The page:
After The Clone Wars went to great lengths to make sure the audience cared about the clones and saw them as individuals, it is both brilliant and tragic to see The Bad Batch leave no stone unturned in implying a sad ending to these characters. Sure, we know Rex makes it to Return of the Jedi, but what about the others? What about the millions of clones who didn’t get the luxury of being best buds with the Jedi? Or the ones that don’t have connections to senators and freedom fighters? When Chuchi heads to 79’s and asks the troopers about their future, one tells her that they are not trained to think about what happens when they age — but perhaps they should.
Chuchi then meets Slip, who tells her about Rampart’s lies, and how every clone who tried to speak up was either reassigned, went missing, or ended up dead. Sadly, right after Chuchi convinces Slip to help her expose Rampart, the Vice Admiral’s assassin shoots him. Before he dies, Slip does tell Chuchi where to find evidence of the bombardment on Kamino — aboard Rampart’s personal ship. The only reason why Chuchi is able to escape meeting the same fate is because she’s saved by Captain Rex himself, who arrives just in time to stun and capture the assassin. Turns out, it’s another clone! Not only that, but when they try to interrogate him, the assassin says he is “a believer” and then bits into a suicide pill, killing himself.
In “Truth & Consequences,” the Batch accepts the mission Rex offers them. Even though every fiber of their being tells them not to, they’re headed to Coruscant, risking their lives in order to retrieve the incriminating data from Rampart’s ship. The stakes of the mission aside, it feels like a thrilling throwback to when we first met the Batch in The Clone Wars — a Mission: Impossible–meets–The A-Team heist with outside-the-box thinking, cool stunts, and lots of property damage.
Meanwhile, Chuchi tries to find support against Rampart, taking Omega with her, and meeting the former senator of Kamino, Halle Burtoni. Burtoni advises Chuchi to stop digging around, but it is Omega and her mix of sincere emotion and naïveté that convinces Burtoni to testify if they find concrete evidence of Rampart messing with the clone program.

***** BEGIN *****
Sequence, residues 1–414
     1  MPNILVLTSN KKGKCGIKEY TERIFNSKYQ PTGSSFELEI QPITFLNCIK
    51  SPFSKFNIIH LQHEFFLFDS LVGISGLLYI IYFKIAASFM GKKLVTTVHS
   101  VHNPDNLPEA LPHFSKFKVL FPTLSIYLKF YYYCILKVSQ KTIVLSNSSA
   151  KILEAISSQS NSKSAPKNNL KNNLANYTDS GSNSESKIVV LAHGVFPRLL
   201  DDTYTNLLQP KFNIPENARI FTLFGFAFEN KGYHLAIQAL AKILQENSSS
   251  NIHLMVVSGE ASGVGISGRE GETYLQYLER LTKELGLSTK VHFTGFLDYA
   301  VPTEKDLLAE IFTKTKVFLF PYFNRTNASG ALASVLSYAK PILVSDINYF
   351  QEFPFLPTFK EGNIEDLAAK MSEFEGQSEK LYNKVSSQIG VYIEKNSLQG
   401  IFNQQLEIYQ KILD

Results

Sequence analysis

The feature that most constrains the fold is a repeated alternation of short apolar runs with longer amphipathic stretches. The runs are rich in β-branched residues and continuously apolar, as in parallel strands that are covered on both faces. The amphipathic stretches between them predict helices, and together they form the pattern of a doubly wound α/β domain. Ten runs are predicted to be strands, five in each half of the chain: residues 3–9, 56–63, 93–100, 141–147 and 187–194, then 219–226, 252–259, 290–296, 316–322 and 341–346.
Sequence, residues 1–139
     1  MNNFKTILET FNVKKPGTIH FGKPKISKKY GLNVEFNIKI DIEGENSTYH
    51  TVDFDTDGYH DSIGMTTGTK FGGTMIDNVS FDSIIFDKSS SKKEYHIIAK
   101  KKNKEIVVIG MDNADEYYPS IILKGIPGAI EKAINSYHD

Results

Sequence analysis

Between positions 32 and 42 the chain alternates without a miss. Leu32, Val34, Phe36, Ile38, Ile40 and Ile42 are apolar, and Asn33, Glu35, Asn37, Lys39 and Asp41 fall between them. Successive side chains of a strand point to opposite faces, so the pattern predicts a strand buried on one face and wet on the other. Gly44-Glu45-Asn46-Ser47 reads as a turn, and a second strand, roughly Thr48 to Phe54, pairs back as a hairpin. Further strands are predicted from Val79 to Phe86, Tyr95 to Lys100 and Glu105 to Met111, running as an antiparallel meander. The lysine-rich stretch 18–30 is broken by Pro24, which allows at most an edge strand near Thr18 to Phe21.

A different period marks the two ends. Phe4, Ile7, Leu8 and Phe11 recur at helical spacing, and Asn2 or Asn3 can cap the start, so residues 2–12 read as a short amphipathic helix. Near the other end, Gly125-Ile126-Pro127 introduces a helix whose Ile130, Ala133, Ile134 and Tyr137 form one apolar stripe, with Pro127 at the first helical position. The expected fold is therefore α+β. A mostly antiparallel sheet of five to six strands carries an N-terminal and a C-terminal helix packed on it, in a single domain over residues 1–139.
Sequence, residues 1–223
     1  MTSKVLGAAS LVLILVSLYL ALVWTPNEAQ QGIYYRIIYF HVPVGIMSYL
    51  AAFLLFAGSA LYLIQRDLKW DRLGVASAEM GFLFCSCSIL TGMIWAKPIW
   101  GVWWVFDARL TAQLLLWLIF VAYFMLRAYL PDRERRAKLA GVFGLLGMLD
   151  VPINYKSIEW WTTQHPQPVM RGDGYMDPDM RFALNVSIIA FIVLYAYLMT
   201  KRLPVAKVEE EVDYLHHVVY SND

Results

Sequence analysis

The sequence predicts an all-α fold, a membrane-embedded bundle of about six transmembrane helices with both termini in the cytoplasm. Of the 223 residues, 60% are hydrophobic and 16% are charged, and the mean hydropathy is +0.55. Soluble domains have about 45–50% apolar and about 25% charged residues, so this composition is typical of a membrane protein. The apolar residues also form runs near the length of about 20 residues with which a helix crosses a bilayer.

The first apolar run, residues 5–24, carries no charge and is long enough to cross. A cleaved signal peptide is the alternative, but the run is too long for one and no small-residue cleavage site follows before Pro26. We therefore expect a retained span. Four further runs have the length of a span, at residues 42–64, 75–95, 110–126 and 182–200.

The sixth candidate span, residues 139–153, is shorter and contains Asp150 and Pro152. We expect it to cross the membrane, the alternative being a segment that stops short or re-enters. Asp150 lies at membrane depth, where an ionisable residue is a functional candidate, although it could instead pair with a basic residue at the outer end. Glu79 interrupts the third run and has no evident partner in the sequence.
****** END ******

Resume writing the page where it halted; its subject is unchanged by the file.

The Batch successfully obtains the ship’s log and delivers it to Chuchi, who in turn is able to present the footage of the attack on Kamino to the Senate. Suddenly a familiar face enters the Senate floor — Mr. Senate himself, Sheev Palpatine! After a supposed long absence from the Senate, this serious subject made the emperor decide to appear in person once more. Speaking before the senators, he shares his shock, his sadness, and his gratitude to Chuchi. Palpatine throws Rampart under the bus and says he acted alone. worse yet, he spins the situation to his favor and points out that it was clones who blindly followed Rampart’s orders without hesitation. He urges the Senate to pass the conscription bill, claiming it’s more relevant now than ever. And, with that, the age of the Imperial stormtrooper is here.
What really seals the tragedy is the fact that it was the Batch themselves who made this all possible. The emperor played them. It’s exactly because they do not play by the rules — they act in the shadows, independently of an army — that they were able to deliver exactly what Palpatine needed. It was them who sealed the fate of their brothers. Still, it is not totally over. Chuchi won’t give up and pledges to continue to fight for clone rights.
In a double-episode full of twists and turns, perhaps the most shocking is the unexpected yet inevitable goodbye at the end of the episode. Having realized his role in dooming the clones, and after several episodes of feeling useless as part of simply a scavenging group of mercenaries, Echo decides to stay behind with Rex. There are clones that need his help, and Hunter and the others are not doing enough, so Echo is staying behind. It is an emotional goodbye, especially when Omega asks him to stay with her, because she needs her brother too. But, Echo has been on a different path for a while and there is no turning back. The Bad Batch breaks yet again, the clone army is gone, and nothing will be the same for this show.
The Mission Report
• This episode shows the right way to do Star Wars cameos. Like Andor, it focuses on one particular setting (in this case, the Senate) and simply shows us characters that would fit in that scenario, like Bail Organa or Mas Amedda.
• When Organa meets Chuchi, he tells her the emperor is reportedly very, very afraid of the new insurgencies turning up across the Empire, threatening his rule. It may be over a decade before the rebellion properly starts, but the episode makes it clear the fight for freedom never stopped or wavered.